• We ask this personal question to protect a fetus from radiation exposure; please do not be offended. If there is any chance you may be pregnant, please tell your doctor before coming to your X-ray (occasionally, we will perform imaging at the special request of a referring doctor).
  • Some exams use radioactive isotopes or contrast during the imaging process, including nuclear medicine, fluoroscopy, and CT imaging. If you are currently breastfeeding and scheduled for one of these exams, talk to your doctor before the scan. Often they will recommend their patients stop breastfeeding for a short time before and after an exam that uses contrast or a radioactive isotope.
    • Standard X-ray and mammography exams are safe for breastfeeding mothers.
  • Where a gown is not required, you must remove metal objects for your X-ray: jewelry, clothes with zippers, etc.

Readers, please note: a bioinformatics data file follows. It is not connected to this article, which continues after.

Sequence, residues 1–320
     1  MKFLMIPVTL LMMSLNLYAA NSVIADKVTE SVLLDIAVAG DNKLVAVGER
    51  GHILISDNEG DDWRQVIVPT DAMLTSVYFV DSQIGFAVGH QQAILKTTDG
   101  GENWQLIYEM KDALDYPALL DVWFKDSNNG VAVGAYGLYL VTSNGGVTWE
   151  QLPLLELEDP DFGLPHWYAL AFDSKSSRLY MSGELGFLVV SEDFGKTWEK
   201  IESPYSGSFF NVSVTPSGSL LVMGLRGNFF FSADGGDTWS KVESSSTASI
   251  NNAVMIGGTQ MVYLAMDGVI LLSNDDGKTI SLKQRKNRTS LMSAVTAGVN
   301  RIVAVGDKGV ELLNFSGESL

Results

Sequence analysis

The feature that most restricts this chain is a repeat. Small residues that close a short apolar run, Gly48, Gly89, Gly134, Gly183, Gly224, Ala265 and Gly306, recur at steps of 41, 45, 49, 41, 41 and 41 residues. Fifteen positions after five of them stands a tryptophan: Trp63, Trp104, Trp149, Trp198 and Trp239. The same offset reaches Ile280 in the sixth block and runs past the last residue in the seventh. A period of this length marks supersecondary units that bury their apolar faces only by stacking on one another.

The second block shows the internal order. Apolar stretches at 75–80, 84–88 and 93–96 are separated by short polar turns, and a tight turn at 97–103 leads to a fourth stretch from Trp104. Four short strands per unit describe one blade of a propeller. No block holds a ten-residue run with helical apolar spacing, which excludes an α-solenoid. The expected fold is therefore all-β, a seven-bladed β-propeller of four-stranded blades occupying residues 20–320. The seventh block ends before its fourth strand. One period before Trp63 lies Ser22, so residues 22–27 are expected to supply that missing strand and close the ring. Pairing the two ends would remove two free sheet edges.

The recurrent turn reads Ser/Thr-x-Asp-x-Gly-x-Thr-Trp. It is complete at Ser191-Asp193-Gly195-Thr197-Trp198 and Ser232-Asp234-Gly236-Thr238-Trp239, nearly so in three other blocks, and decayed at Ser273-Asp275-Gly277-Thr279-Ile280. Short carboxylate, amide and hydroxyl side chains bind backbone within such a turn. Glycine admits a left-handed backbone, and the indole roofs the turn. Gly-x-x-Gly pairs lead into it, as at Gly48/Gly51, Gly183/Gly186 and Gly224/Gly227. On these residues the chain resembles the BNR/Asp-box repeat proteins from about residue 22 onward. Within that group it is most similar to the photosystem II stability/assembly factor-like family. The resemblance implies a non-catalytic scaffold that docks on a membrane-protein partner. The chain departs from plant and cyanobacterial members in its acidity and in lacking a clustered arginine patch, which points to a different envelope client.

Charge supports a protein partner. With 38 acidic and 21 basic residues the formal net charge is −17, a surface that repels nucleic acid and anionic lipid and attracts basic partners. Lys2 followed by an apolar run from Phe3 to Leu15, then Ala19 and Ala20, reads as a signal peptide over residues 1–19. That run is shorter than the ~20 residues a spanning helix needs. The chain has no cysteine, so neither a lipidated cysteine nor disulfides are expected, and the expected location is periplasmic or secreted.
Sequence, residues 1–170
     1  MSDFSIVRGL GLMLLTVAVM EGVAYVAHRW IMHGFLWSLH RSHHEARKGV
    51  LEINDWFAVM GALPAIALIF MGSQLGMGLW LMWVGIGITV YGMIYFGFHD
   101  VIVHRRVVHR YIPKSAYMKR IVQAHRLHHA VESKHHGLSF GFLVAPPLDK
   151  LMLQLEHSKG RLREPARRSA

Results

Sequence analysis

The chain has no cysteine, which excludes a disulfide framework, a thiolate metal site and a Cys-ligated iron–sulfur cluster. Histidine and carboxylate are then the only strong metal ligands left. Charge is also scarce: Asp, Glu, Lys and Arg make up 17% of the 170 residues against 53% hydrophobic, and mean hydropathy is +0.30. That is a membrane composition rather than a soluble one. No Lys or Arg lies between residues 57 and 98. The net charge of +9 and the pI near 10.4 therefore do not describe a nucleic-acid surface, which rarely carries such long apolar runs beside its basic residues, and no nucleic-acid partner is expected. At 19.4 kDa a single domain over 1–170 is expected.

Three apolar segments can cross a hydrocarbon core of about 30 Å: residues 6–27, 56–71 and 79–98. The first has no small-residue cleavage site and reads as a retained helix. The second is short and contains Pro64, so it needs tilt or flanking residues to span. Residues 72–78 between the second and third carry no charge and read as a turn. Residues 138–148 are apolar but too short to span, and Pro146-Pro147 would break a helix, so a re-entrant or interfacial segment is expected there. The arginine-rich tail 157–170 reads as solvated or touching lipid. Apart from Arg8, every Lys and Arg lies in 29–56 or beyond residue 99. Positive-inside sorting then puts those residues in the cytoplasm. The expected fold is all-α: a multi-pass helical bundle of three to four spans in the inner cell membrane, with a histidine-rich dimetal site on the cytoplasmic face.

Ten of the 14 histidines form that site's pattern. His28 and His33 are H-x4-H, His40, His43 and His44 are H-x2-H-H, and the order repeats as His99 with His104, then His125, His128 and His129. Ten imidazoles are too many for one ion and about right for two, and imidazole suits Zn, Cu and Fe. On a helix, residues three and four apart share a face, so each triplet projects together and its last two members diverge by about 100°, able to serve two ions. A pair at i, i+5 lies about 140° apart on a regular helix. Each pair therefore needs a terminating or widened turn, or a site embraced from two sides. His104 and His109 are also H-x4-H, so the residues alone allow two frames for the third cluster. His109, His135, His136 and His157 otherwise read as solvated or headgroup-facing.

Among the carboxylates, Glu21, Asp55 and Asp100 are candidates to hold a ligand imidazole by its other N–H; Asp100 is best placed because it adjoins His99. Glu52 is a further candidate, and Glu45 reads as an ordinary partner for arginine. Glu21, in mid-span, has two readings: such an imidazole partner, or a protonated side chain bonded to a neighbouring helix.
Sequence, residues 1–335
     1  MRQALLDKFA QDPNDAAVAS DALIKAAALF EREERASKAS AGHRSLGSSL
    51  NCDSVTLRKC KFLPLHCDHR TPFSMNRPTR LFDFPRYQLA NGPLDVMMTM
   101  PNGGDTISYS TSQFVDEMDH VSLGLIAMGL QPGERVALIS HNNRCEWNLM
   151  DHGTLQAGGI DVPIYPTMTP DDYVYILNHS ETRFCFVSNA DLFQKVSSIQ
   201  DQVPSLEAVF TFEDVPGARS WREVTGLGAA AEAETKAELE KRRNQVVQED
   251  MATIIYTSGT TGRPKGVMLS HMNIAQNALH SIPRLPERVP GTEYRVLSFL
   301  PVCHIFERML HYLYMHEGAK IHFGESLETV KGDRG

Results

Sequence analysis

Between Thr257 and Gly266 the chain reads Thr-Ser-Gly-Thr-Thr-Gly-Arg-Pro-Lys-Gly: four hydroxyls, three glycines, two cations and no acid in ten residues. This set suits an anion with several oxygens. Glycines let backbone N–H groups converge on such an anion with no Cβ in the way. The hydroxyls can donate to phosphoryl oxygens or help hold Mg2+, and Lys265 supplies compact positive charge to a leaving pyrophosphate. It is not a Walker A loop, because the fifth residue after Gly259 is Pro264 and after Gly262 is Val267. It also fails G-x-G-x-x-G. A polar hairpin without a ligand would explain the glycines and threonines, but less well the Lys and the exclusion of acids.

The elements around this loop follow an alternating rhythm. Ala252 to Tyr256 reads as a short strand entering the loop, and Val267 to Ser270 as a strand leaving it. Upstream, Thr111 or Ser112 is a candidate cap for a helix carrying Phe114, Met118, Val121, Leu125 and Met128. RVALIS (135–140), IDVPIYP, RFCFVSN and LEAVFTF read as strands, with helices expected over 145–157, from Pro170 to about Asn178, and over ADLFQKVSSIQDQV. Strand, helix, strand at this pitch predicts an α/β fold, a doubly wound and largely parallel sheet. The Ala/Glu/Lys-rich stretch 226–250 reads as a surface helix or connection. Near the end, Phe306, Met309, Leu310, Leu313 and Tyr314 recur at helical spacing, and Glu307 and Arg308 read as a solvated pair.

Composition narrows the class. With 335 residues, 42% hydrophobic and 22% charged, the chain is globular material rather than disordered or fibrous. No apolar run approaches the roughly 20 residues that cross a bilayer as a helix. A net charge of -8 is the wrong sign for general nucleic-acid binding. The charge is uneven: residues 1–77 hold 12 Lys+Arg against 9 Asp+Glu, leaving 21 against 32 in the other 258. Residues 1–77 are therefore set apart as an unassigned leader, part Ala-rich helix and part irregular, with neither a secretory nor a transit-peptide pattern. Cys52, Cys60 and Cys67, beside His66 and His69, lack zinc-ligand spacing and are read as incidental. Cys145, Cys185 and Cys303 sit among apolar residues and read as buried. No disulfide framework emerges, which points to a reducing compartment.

Orientation (Radiography)

Our technologist will help position you in relation to the detector to capture quality images. X-ray positions vary from patient to patient depending on mobility and exam specifics such as ability or inability to bear weight.

Examples of various weight/non-weight-bearing positions are:

  • Knee X-rays: Taken standing against a detector or lying on a bed.
  • Chest X-rays: Taken standing against a detector, with your arms by your side or above your head. We can also take the X-rays with a patient sitting in a wheelchair, with their arms by their side or above their head.
  • Spine X-rays: Taken standing in front of a detector, lying flat on your back, left side, or stomach, on a table.

Cost

If you have an Alberta Health Care card or valid healthcare card from out of province, there is no cost for a walk-in X-ray procedure (except Quebec).

However, chest X-rays used for immigration medical purposes are not covered by Alberta Health Care. The Government of Canada requires these images when considering permanent residency applications.

Duration

Walk-in X-ray exams typically take between 5 and 30 minutes to complete; depending on patient mobility and the area of interest.

Exam Preparation

Planning your next appointment? Learn more about x-ray exam preparation and find the clinic most convenient for you.